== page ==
This, the net neutrality debate, lay at the heart of the FCC ruling, which some feared could create an internet of differential access, one in which the ability to pay mattered more than freedom of information and expression. When the agency opened the matter to discussion, it received over four million comments—a landslide of public response that overwhelmingly supported net neutrality, while numerous websites joined the choir to argue for equal access.

Several communities will particularly benefit from the FCC ruling. Many rural communities in the US struggle to access broadband, with rural broadband penetration remaining extremely low. Notably, likely in preparation for this ruling, the FCC just redefined broadband speeds, updating its woefully out-of-step standards—the move highlighted just how bad access is in many rural communities, illustrating that there is a significant digital cliff for people living in the US.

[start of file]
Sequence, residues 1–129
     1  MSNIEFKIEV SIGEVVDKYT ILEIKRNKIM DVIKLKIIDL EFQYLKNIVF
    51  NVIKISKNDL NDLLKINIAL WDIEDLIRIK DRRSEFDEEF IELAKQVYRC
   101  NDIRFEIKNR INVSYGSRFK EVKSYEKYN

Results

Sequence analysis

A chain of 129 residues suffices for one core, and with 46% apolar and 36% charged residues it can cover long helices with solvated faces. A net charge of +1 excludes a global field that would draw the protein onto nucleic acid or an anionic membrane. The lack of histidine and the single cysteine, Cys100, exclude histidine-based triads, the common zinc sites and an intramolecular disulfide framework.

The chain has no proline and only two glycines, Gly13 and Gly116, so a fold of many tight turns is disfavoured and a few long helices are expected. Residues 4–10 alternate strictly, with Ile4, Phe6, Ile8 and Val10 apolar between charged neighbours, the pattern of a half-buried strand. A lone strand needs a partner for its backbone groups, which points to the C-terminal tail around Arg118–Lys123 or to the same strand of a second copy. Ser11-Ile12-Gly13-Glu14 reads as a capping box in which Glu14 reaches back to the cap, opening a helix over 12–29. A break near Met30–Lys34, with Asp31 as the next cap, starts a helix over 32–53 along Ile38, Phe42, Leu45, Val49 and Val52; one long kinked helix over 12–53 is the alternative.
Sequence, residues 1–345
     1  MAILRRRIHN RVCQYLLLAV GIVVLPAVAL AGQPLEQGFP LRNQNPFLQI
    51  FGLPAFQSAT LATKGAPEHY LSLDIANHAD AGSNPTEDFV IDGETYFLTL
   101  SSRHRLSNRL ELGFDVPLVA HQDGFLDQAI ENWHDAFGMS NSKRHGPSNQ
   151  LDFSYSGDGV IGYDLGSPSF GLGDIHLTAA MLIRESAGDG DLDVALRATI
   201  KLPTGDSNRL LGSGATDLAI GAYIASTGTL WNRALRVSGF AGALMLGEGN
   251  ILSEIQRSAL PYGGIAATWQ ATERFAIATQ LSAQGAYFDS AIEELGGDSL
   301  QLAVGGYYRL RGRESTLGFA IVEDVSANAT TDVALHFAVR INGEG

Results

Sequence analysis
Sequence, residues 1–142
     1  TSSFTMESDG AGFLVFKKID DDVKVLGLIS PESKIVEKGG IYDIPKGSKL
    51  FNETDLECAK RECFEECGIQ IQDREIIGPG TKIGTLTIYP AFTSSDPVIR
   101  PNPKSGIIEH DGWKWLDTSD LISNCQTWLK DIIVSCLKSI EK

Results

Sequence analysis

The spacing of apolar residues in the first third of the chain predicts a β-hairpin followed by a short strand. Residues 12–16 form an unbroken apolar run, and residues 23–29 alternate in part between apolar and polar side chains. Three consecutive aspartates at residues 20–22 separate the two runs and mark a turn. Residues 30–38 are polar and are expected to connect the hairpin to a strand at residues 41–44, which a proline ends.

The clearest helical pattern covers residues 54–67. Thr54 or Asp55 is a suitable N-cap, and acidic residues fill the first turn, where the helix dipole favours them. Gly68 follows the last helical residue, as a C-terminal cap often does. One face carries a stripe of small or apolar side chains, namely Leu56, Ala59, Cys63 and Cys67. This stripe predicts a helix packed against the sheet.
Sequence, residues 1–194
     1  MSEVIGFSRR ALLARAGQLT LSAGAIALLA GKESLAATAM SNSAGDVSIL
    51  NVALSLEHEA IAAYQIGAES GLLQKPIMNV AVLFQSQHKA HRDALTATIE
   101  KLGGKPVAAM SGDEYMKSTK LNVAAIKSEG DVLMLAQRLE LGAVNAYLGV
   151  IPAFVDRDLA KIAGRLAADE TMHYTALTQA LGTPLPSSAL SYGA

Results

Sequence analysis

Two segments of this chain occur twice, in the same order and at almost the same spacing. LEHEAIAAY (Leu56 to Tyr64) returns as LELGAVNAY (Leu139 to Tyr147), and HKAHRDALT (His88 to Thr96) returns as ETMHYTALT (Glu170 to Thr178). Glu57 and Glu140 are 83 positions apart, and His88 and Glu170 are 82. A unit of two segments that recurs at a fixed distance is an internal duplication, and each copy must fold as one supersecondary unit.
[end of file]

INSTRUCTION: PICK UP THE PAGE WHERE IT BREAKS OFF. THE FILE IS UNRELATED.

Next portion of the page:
Poor internet access means limitations on educational opportunities, with rural schools struggling to meet the needs of their students. It also means communities can’t take advantages of resources like remote medical consultations; most rural regions cannot afford to support specialists, and rely on rotating physicians, so remote consultations open up the possibility of being able to see a specialist over an internet platform immediately, rather than having to wait. Moreover, rural communities without broadband have limited resources to offer people who want to research career and education opportunities; even something as simple as researching how to write a resume is functionally impossible on dialup speeds.